As a designer, it only seems right that you design your own CV. It’s the first thing a potential employer is going to see, so treat it as an opportunity to show them what you can do. If using Microsoft Word or Publisher has even crossed your mind, now’s the time to consider a career change.

When it comes to designing a good CV, there’s so many professional opinions from well respected designers and agencies that have been made public on the web, but the tricky part is they don’t all agree. So who’s advice do you take?

I’d say to follow the advice that suits you as a designer and plays to your strengths. If you’re mad in to infographics and that’s a part of your design repertoire then by all means, go for it. If you fancy yourself as more of a typographic designer then follow that route. Don’t follow someone’s advice, no matter how respected they are, if the glove doesn’t fit — It just means that particular agency is probably not the right one for you.

Now, after bascially stating a ‘good’ CV is a matter of opinion, it might seem strange for me to offer my own opinion, but I’m going to do it anyway.

With over seven years of agency experience, I’ve seen a lot of CV’s come through the digital door. Some of them are judged quicker than others, and that’s because around 80% of people focus so much on creating this piece of exhibition design that they end up highlighting what they CAN’T do quicker than showing what they CAN do.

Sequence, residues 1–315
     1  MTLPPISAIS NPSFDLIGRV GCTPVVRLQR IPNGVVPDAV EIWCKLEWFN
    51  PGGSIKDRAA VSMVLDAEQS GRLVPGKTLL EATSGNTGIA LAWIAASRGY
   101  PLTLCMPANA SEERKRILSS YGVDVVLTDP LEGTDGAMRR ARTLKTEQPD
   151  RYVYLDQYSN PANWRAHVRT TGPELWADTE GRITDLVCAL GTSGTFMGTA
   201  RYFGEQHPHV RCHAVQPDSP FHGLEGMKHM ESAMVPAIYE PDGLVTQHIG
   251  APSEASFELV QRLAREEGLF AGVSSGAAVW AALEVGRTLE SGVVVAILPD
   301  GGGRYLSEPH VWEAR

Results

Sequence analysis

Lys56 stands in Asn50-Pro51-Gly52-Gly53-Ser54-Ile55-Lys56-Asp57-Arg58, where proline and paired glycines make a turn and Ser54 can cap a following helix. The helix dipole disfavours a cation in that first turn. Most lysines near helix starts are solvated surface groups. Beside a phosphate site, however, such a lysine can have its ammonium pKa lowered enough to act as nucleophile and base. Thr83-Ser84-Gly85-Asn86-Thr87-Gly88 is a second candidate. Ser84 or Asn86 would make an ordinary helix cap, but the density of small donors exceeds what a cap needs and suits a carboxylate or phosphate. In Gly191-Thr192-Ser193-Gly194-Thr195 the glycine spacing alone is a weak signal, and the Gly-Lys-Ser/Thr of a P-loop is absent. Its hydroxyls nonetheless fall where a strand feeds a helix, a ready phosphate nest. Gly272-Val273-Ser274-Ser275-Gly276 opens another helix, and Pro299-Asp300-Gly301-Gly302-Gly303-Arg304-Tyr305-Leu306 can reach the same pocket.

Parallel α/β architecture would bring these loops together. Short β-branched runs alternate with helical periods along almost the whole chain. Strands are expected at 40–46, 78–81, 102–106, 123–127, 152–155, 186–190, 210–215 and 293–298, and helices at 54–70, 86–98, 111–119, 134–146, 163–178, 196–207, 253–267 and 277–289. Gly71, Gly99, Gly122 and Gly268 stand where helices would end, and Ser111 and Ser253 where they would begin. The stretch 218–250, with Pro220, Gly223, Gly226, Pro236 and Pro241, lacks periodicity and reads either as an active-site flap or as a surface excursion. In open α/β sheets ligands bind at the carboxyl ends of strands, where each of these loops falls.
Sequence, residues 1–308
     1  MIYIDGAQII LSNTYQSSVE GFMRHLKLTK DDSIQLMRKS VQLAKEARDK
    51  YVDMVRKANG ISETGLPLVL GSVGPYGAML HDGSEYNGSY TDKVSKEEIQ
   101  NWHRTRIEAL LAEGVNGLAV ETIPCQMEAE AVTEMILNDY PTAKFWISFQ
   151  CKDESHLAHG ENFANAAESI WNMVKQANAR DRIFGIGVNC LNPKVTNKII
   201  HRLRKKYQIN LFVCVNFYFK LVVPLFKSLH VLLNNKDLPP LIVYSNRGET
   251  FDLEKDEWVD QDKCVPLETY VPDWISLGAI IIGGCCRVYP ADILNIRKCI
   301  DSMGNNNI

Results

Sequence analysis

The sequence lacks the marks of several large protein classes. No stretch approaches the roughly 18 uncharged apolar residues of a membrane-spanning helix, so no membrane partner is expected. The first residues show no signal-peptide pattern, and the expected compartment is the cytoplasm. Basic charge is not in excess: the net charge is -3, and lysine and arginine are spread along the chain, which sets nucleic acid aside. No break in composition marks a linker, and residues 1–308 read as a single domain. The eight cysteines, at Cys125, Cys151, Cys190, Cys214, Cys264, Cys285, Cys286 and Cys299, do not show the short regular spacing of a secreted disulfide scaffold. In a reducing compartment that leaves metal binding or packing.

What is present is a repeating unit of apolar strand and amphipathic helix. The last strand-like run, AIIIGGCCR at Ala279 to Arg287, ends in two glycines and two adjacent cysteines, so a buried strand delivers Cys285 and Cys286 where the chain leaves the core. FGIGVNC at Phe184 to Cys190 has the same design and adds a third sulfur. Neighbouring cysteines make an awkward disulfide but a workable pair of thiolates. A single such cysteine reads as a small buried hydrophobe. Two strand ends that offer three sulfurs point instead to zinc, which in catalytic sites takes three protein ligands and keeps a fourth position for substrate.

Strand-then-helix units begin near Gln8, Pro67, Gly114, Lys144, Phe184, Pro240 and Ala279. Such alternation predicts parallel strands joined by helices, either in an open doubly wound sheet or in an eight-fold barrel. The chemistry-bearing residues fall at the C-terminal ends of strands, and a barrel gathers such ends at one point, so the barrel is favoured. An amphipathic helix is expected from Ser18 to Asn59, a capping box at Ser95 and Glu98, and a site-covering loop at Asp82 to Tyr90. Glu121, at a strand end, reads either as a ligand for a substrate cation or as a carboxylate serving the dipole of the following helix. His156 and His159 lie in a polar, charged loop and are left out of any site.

That leads me to my first point…

Nail the basics

If your CV doesn’t do the simple things well, then it’s off to a bad start. A lot of people over-design their CV’s and forget about the finer details.

First and foremost, make sure your CV is well typeset. No one wants to see a single column of text that’s as wide as the page — use a grid and create a column structure. As a general rule, line lengths should be anywhere between 5 and 8 words long. Obviously this depends of the size of the word so don’t count and quote me on it, just use that design eye of yours and find a good balance.

A well typeset CV will get more appreciation and is much more likely to be read all the way through than something that looks like a music festival poster. Typesetting is something that all designers do day to day, so employers need to know you can at least do the basics well.